When David Cameron tried in 2012 to insist on Western values regarding homosexuals in Africa, he was rebuffed and advised by African leaders to desist from that strategy of enforcing British values on Africa for something his own society once frowned on. While in the West homosexuality is a human rights issue, in Africa it is a social aberration. If Africans are reacting angrily to Obama it is because most Africans are questioning the propriety of the West in questioning African responses to that lifestyle considering the varying responses to the subject in the West itself.
President Obama’s reaction and letter to President Museveni is therefore seen as unnecessary interference in the affairs of the East African nation. And most interestingly, why Uganda, when Nigeria has also passed a similar law? There does not appear to be a compromise in Nigerian-American relations but Obama warns of a downturn in Uganda-American relations. To most Africans, Obama is not being reasonable with his threats. America for Gays does not apply to Africa in the same way.
There was a time in America when people suspected to be possessed by evil were burned at the stake, and several such cases that occurred in Salem, Connecticut are recorded. Gays in Africa are not stoned nor are they burned at the stake, and never has any gay person been subjected to a similar punishment Meanwhile, Gay persecution is not uncommon in America itself. In some cases even law enforcement officials are involved. Even as it took more than three hundred years for people of African descent to be accorded their civil rights in the United States blacks still have to fight every day for their birthright in their own country. They still have to fight a high incidence of incarceration as well as poverty, but the Kojo Besias – as gays are known in Ghana – in Africa are largely left alone.
Instead of exacting obedience from Museveni, Obama should rather appeal to him. Museveni is a man who loves to fight, and he loves it even more when the fight is brought to him. Not only does he regard Obama’s warning as an affront, he thinks and most of Ugandans and indeed Africans believe it is arrogant on the part of Obama to single out Uganda for that kind of confrontation. He signed the bill contemptuous of Obama’s attitude. The warning is also not timely as Uganda provides the bulk and muscle toward the fight against Al Shabaab in Somalia as well as a strong America ally in the Great Lakes area and the Horn of Africa in anti-terrorism. Museveni’s army has been very effective in ensuring peace in Southern Sudan after the recent rebel action in the country. For the aforementioned and more, Museveni is clearly not amused that Obama would confront him the way he did.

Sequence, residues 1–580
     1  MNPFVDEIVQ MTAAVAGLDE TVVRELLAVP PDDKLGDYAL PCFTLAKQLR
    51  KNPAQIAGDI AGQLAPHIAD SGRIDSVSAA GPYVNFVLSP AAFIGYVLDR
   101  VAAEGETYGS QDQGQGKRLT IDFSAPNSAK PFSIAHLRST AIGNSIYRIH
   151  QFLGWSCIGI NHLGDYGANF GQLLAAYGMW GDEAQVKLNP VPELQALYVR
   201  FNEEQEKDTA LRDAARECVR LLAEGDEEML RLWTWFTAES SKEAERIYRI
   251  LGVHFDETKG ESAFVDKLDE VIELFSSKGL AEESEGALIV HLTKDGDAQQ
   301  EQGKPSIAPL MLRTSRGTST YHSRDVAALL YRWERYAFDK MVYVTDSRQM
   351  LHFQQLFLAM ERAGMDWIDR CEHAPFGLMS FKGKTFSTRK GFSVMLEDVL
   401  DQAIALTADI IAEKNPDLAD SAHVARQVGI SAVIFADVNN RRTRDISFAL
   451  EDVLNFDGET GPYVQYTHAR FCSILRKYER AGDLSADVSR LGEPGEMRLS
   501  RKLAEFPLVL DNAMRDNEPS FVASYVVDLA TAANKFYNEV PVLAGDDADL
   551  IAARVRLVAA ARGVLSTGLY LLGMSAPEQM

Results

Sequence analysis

Most Africans are scornful of the moral high ground Obama has adopted to castigate Africa on the gay issue while his country for no reason invaded and destroyed Iraq on a lie.
This writer does not endorse laws against homosexuality but finds it strange that in spite of organized opposition to homosexuality and the incidence of homophobia in America, President Obama would see it fit to threaten African nations that enact anti-gay laws. Homosexuality is indeed a complicated subject that should not be used as a political ploy to sanction African nations and the stance taken by Obama against President Yoweri Museveni is very hypocritical. In much the same way, highhandedness against homosexuality in Africa is as hypocritical.
Instead of constituting itself as the moral policeman of the world, the United States must learn to understand the world. The application of muscle and threats does not benefit anyone. It creates chaos as it did in Iraq.

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Posted by on Apr 24 2014. Filed under Community News. You can follow any responses to this entry through the RSS 2.0. You can leave a response or trackback to this entry